metadata.set(Metadata.DATE, new Date());
   
      //setting multiple values to author property
      metadata.set(Metadata.AUTHOR, "ram, raheem, robin ");
      
      //printing all the meta data elements with new elements
      System.out.println(“List of all the metadata elements with new elements ");
      String[] metadataNamesafter = metadata.names();
   
      for(String name : metadataNamesafter) {     
         System.out.println(name + ": " + metadata.get(name));
      }
   }
}	

Save the above code as SetMetadata.java and run it from the command prompt:

javac  SetMetadata.java 
java  SetMetadata

Note : Here you have to pass your file path. For example, we are passing the location of a sample text document with the following content:

Hi students welcome to tutorialspoint

In the output, you can observe the newly added metadata elements.

enter path of your file
E:\office\Tika\stand alone\parsers\one.txt
metadata elements and values of the given file :
Content-Encoding: ISO-8859-1
Content-Type: text/plain; charset=ISO-8859-1
Here is the list of all the metadata elements  after adding new elements 
date: 2014-09-24T07:01:32Z
Content-Encoding: ISO-8859-1
Author: ram, raheem, robin 
Content-Type: text/plain; charset=ISO-8859-1

TIKA - Language Detection

Need for Language Detection

For classification of documents based on the language they are written in a multilingual website, a language detection tool is needed. This tool should accept documents without language annotation (metadata) and add that information in the metadata of the document by detecting the language.

Algorithms for Profiling Corpus

What is Corpus?

To detect the language of a document, a language profile is constructed and compared with the profile of the known languages. The text set of these known languages is known as a corpus.

A corpus is a collection of texts of a written language that explains how the language is used in real situations.

The corpus is developed from books, transcripts, and other data resources like the Internet. The accuracy of the corpus depends upon the profiling algorithm we use to frame the corpus.

What are Profiling Algorithms?

The common way of detecting languages is by using dictionaries. The words used in a given piece of text will be matched with those that are in the dictionaries.

A list of common words used in a language will be the most simple and effective corpus for detecting a particular language, for example, articles a, an, the in English.

Using Word Sets as Corpus

Using word sets, a simple algorithm is framed to find the distance between two corpora, which will be equal to the sum of differences between the frequencies of matching words.

Such algorithms suffer from the following problems:

  • Since the frequency of matching words is very less, the algorithm cannot efficiently work with small texts having few sentences. It needs a lot of text for accurate match.

  • It cannot detect word boundaries for languages having compound sentences, and those having no word dividers like spaces or punctuation marks.

Due to these difficulties in using word sets as corpus, individual characters or character groups are considered.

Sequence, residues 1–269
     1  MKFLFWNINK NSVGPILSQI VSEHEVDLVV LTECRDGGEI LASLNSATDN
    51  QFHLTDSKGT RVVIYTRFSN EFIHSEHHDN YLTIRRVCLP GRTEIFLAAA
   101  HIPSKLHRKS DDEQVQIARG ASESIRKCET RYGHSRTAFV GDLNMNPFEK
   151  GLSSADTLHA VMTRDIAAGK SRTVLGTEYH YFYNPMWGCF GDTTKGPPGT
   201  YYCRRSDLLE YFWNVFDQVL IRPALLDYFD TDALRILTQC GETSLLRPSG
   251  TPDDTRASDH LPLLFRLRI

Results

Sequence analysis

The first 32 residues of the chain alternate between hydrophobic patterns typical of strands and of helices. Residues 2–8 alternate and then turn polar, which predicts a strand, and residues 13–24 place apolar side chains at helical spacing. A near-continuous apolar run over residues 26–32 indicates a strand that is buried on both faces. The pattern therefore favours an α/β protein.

Using Character Sets as Corpus

Since the characters that are commonly used in a language are finite in number, it is easy to apply an algorithm based on word frequencies rather than characters. This algorithm works even better in case of certain character sets used in one or very few languages.

This algorithm suffers from the following drawbacks:

  • It is difficult to differentiate two languages having similar character frequencies.

  • There is no specific tool or algorithm to specifically identify a language with the help of (as corpus) the character set used by multiple languages.

N-gram Algorithm

The drawbacks stated above gave rise to a new approach of using character sequences of a given length for profiling corpus. Such sequence of characters are called as N-grams in general, where N represents the length of the character sequence.

  • N-gram algorithm is an effective approach for language detection, especially in case of European languages like English.

  • This algorithm works fine with short texts.

  • Though there are advanced language profiling algorithms to detect multiple languages in a multilingual document having more attractive features, Tika uses the 3-grams algorithm, as it is suitable in most practical situations.

Language Detection in Tika

Among all the 184 standard languages standardized by ISO 639-1, Tika can detect 18 languages. Language detection in Tika is done using the getLanguage() method of the LanguageIdentifier class. This method returns the code name of the language in String format. Given below is the list of the 18 language-code pairs detected by Tika:

da—Danish de—German et—Estonian el—Greek
en—English es—Spanish fi—Finnish fr—French
hu—Hungarian is—Icelandic it—Italian nl—Dutch
no—Norwegian pl—Polish pt—Portuguese ru—Russian
sv—Swedish th—Thai

While instantiating the LanguageIdentifier class, you should pass the String format of the content to be extracted, or a LanguageProfile class object.

LanguageIdentifier object=new LanguageIdentifier(“this is english”);

Given below is the example program for Language detection in Tika.

import java.io.IOException;
import java.util.Scanner;

import org.apache.Tika.exception.TikaException;
import org.apache.Tika.language.LanguageIdentifier;
import org.xml.sax.SAXException;